Rodas also submitted written complaints to the Town in the form of two charges of retaliation filed with the Equal Employment Opportunity Commission on April 23, 2010 and in June 2010. See Exhibit R (Plaintiff's charge of retaliation filed with the EEOC) to Defendants' Motion for Summary Judgment; see also Deposition Transcript of Stephen Rodas at p. 54.

Rodas alleges a series of retaliatory actions by the Town based upon his purported verbal complaints to Superintendent Crane in September 2009 and January 2010. See Deposition Transcript of Stephen Rodas; Exhibit V (Plaintiff's Complaint) to Defendants' Motion for Summary Judgment at ¶ 16; Exhibit W (Plaintiff's Responses to Defendant's First Set of Interrogatories) to Defendants' Motion for Summary Judgment at 7-11.

Rodas alleges that in March 2010, the Town retaliated against him for his complaints by removing some tools from the truck that he typically used in the performance of one of his assignments. Deposition Transcript of Stephen Rodas at p. 120-21. The tools in question were typically stored in a different truck other than the one that Rodas was using. Affidavit of Jim Crane at ¶ 39-41. Rodas had " accumulated [them] through time" in the truck he typically used, although they were not his personal tools. Affidavit of Jim Crane at ¶ 40; Deposition Transcript of Stephen Rodas at p. 122-23.

Rodas alleges that he was reassigned to fire hydrant maintenance duties in April 2010 in retaliation for his complaints. Deposition Transcript of Stephen Rodas at p. 71. Rodas admitted that these duties could fall within his job description, that he knew of other District employees who had done the same work in the past, and that the maintenance was necessary work. Deposition Transcript of Stephen Rodas at p. 80-84. Rodas stated that he had a problem with the reassignment because of " the knowledge that [he] had in construction," although he admitted that he had no such distaste for his other assignments, most of which did not involve construction or

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heavy equipment. Deposition Transcript of Stephen Rodas at p. 88, 90-91, 93-94.

Rodas also alleges that in May 2010, the Town retaliated against him when the Ontario County Sheriff's Department confiscated his pistol and revoked his pistol permit. See Exhibit V to Defendants' Motion for Summary Judgment at ¶¶ 20-26; Exhibit W to Defendants' Motion for Summary Judgment at 8-9. Rodas concedes that his permit was revoked as the result of hearings conducted by a judge at the Ontario County Courthouse and that no individual from the Town was involved in the hearings. Deposition Transcript of Stephen Rodas at p. 98-99, 112-13. Rodas also admitted at his deposition that his pistols were physically confiscated by the Ontario County Sheriff's Department (not the Town), that the confiscation of his pistols and revocation of his permit was never discussed with him by any Town official, and that neither had any effect on his job. Deposition Transcript of Stephen Rodas at p. 115-20. Additionally, Rodas alleges that the denial of several of his Freedom of Information requests made to the Ontario County Sheriff's Department in connection with the pistol permit revocation, was retaliatory. Deposition Transcript of Stephen Rodas at p. 158-59.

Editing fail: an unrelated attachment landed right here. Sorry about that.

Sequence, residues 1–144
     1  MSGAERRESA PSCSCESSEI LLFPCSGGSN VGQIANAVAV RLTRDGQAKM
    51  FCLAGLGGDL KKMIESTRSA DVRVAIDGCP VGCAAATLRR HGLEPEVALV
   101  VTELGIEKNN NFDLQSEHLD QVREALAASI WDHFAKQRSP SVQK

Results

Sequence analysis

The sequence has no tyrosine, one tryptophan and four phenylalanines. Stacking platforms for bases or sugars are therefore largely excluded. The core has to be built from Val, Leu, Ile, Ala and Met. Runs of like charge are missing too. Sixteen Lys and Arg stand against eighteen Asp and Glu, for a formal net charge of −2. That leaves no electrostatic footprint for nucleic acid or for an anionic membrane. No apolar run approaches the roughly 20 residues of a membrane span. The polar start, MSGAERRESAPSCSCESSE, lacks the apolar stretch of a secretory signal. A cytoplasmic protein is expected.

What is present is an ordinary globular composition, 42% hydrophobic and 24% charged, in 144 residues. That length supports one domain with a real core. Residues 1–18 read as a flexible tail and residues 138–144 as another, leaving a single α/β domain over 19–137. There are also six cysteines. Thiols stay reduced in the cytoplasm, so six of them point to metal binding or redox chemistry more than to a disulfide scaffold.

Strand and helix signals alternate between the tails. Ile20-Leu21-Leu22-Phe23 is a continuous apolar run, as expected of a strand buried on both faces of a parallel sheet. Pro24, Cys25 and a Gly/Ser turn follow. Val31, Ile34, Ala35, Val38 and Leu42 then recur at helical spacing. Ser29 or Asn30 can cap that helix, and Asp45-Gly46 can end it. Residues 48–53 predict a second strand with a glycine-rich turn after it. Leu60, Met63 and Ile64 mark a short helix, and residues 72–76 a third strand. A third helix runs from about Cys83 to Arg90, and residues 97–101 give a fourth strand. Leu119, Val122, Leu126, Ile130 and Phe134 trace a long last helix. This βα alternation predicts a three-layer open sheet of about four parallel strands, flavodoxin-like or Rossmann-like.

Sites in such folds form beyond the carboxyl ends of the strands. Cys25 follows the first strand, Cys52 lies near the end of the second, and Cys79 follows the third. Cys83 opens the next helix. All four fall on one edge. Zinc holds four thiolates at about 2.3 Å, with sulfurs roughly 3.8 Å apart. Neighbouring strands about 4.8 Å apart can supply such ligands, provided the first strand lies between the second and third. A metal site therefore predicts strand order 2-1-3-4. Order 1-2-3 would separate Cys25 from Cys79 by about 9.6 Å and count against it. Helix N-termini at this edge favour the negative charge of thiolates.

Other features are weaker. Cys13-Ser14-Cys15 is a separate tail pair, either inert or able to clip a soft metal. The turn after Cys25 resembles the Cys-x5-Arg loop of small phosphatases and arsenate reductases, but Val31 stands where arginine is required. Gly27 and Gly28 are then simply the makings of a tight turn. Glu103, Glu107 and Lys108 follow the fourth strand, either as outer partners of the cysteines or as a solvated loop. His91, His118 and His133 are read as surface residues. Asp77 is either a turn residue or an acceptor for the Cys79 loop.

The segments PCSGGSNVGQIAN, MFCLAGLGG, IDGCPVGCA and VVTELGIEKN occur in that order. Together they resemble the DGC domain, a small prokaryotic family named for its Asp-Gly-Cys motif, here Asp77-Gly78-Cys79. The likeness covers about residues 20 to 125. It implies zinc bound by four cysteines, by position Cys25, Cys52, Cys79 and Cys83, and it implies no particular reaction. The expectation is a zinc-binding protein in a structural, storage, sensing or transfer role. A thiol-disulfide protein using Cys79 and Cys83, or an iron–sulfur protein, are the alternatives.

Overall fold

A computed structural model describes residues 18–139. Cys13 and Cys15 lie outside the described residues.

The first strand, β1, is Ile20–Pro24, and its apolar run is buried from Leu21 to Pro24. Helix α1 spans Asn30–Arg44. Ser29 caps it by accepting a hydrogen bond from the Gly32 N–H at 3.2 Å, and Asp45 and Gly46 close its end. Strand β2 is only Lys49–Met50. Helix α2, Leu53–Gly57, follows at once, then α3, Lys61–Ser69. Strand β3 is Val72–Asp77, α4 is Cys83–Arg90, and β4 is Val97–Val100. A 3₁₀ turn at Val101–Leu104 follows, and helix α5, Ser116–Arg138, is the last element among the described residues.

Rodas alleges that the Town also retaliated against him by excluding him from what he characterized as a heavy-equipment " rodeo" or a " fun day" that took place on September 16, 2010, shortly after he returned to work from medical leave. Deposition Transcript of Stephen Rodas at p. 127-30. He also alleges that the display of pictures from this event in the Town break room was retaliatory. Deposition Transcript of Stephen Rodas at p. 127-30, 141-44. This event was a trade show-style event that permitted some District employees to inspect and operate different pieces of heavy machinery associated with the water industry, but it was not a training event. See Affidavit of Jim Crane at ¶ 49; Deposition Transcript of Stephen Rodas at p. 129. With regard to the picture of the event that Rodas claims was hung in the workplace as a measure of retaliation, Rodas admits that he has no idea who posted the picture, and he admits that he was not referred to in the picture, stating only that the presence of the picture was offensive to him. Deposition Transcript of Stephen Rodas at p. 143-44.

Plaintiff also alleges that his January 31, 2011 suspension without pay was retaliation for his complaints to the Town. On January 31, 2011, the Ontario County Sheriff's Department was called to the Sewer Plant after an employee reported that Rodas had called her and had spoken to her in an intimidating manner. Affidavit of Jim Crane at ¶ 21. A police report was made, and Superintendent Crane escorted Rodas off the premises, suspending him with pay pending the outcome of the investigation. See Exhibit L (Police Report by Deputy Drake, dated January 31, 2011) to Defendants' Motion for Summary Judgment; Affidavit of Jim Crane at ¶ 22. Rodas concedes that he was never disciplined for his conversation with the employee and that during his period of suspension, he never suffered the loss of any wages. Deposition Transcript of Stephen Rodas at p. 149, 152.